The battle between the congregation at Bethlehem Lutheran Church and the church’s governing body could soon shift from the kingdom of heaven to a New York court.
The dwindling congregation at the shuttered Boerum Hill church has started raising money to sue the Metropolitan New York Synod to force it to return the church building on Pacific Street to the local group and let it reopen for spiritual business.
The problem: The Synod, which oversees 210 Evangelical Lutheran churches in New York, obtained the deed to Bethlehem in an internal church struggle last January and kicked out the congregation.
Worse, the Synod de-sanctified Bethlehem Lutheran as a church.
“I was shocked when they came out and said Bethlehem Church no long exists,” said Muriel Tillinghast, who was president of the congregation. “We existed before the Synod existed.”
The church has stood at 490 Pacific St. since 1874. Built by the Swedish Lutheran community, the 1,250-seat house of worship acted as a cultural center for Swedish immigrants. At the time of its closing, less then 40 people were affiliated. Today, that number is down to 27 active members, who pray in exile at the Zion German Evangelical Lutheran Church in Brooklyn Heights.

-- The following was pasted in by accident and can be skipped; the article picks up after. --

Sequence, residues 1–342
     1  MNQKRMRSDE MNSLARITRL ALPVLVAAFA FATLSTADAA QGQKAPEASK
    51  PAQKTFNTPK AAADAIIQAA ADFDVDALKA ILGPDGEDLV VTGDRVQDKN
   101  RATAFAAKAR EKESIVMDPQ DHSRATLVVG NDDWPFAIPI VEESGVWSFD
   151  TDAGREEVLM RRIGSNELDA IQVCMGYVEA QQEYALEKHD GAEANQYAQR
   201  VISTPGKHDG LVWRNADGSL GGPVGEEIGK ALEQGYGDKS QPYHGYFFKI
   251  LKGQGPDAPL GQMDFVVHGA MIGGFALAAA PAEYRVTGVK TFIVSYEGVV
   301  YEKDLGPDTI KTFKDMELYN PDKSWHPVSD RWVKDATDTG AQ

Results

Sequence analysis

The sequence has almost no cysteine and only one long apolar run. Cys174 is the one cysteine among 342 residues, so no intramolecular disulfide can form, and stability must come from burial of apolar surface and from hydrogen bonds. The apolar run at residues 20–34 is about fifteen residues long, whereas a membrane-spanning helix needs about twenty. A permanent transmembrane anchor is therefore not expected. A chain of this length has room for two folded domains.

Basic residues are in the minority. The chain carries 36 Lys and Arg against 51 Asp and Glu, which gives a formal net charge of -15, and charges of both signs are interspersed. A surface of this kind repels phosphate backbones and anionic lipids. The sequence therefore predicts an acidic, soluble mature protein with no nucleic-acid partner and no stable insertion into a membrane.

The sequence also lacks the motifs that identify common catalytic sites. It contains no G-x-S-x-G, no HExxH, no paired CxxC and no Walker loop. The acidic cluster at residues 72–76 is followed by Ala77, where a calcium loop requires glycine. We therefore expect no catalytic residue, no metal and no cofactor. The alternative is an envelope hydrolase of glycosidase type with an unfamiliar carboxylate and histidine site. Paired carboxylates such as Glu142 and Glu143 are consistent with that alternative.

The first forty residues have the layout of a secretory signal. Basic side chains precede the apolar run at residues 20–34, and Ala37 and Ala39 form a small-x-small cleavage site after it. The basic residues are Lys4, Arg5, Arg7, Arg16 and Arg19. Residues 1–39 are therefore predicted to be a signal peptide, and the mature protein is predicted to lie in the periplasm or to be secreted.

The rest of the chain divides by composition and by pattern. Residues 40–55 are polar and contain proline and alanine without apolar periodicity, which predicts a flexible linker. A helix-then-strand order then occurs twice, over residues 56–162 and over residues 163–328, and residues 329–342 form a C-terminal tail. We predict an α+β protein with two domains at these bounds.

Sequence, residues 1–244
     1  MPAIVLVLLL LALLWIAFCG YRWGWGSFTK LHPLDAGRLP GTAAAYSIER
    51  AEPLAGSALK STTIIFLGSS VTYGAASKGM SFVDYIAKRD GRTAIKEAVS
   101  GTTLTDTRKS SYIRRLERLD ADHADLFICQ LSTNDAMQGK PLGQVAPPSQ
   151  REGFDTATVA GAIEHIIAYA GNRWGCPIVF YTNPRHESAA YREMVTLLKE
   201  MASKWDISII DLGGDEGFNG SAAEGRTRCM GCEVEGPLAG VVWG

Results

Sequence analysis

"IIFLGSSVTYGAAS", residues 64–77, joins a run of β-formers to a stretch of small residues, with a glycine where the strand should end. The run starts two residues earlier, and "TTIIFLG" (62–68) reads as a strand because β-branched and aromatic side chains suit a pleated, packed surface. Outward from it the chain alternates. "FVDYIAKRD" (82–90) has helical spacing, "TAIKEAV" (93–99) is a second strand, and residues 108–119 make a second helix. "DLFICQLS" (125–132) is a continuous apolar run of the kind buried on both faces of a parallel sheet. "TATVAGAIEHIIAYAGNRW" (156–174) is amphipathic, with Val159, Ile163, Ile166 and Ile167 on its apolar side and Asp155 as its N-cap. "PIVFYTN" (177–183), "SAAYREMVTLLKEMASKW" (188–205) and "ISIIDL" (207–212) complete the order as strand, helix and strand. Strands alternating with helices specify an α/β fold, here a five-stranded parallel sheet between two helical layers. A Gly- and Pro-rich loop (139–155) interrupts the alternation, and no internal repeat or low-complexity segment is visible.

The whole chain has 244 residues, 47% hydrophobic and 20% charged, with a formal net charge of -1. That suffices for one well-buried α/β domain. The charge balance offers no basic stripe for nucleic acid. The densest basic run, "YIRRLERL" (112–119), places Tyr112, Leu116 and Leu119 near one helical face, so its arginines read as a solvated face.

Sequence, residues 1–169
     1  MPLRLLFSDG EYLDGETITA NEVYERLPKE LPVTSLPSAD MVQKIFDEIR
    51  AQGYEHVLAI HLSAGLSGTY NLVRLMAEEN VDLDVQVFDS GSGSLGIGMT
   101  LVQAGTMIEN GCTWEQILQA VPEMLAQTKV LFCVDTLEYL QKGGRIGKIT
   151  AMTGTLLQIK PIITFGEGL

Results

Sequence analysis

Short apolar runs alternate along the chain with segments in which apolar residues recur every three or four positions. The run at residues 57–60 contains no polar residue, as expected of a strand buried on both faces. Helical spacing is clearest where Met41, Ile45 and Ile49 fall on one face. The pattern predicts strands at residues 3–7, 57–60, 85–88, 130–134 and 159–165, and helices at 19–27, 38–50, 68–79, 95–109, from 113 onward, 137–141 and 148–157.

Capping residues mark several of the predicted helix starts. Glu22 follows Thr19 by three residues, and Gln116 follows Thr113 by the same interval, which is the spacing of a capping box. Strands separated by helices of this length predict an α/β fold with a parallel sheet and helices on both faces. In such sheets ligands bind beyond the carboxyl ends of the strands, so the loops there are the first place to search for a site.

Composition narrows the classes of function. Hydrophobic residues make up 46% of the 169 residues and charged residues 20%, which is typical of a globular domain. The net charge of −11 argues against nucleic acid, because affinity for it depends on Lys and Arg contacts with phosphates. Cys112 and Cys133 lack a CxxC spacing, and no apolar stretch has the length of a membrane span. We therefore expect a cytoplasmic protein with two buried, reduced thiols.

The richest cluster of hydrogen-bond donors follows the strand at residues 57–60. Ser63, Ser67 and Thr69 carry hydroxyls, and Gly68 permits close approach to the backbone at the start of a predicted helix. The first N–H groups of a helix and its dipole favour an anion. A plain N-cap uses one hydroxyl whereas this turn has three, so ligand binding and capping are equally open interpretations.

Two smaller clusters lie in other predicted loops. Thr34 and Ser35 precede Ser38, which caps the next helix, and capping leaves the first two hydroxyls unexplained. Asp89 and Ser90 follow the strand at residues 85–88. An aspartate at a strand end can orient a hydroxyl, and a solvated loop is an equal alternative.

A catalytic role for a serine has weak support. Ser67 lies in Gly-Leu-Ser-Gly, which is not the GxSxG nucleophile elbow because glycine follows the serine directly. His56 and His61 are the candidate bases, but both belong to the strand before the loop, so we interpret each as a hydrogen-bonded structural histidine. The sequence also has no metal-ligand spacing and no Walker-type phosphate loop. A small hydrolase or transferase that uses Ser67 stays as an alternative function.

Tillinghast said that the church’s declining membership was the reason that the Synod shut it down in January, but newly appointed assistant pastor Norman David said it was all about money.
So now, he’s planning the lawsuit — a process with which he is well acquainted.
In fact, David hooked up with the Bethlehem congregation because the same thing happened at his own parish in Beaumont, Mass., where he still lives and preaches when not working at Bethlehem.
“We would love to have the Synod come around and say, ‘Look, we are sorry. Here is the property. Let’s work together.’”
The Synod would not comment on the matter because “it’s under litigation,” a spokesman said.
Meanwhile, David is raising money. A couple Saturdays ago, he organized a fundraiser for the church and held a service outside the building’s locked doors, turning over a trash can, draping a white cloth over it, and offering sacrament. Despite the rain, the Bethlehem parishioners sang hymns and held a full service.
“We are still here, even if we are locked out of the building,” he said.
David said he needs to raise $200,000 to take the Synod to court. He has $5,000 so far.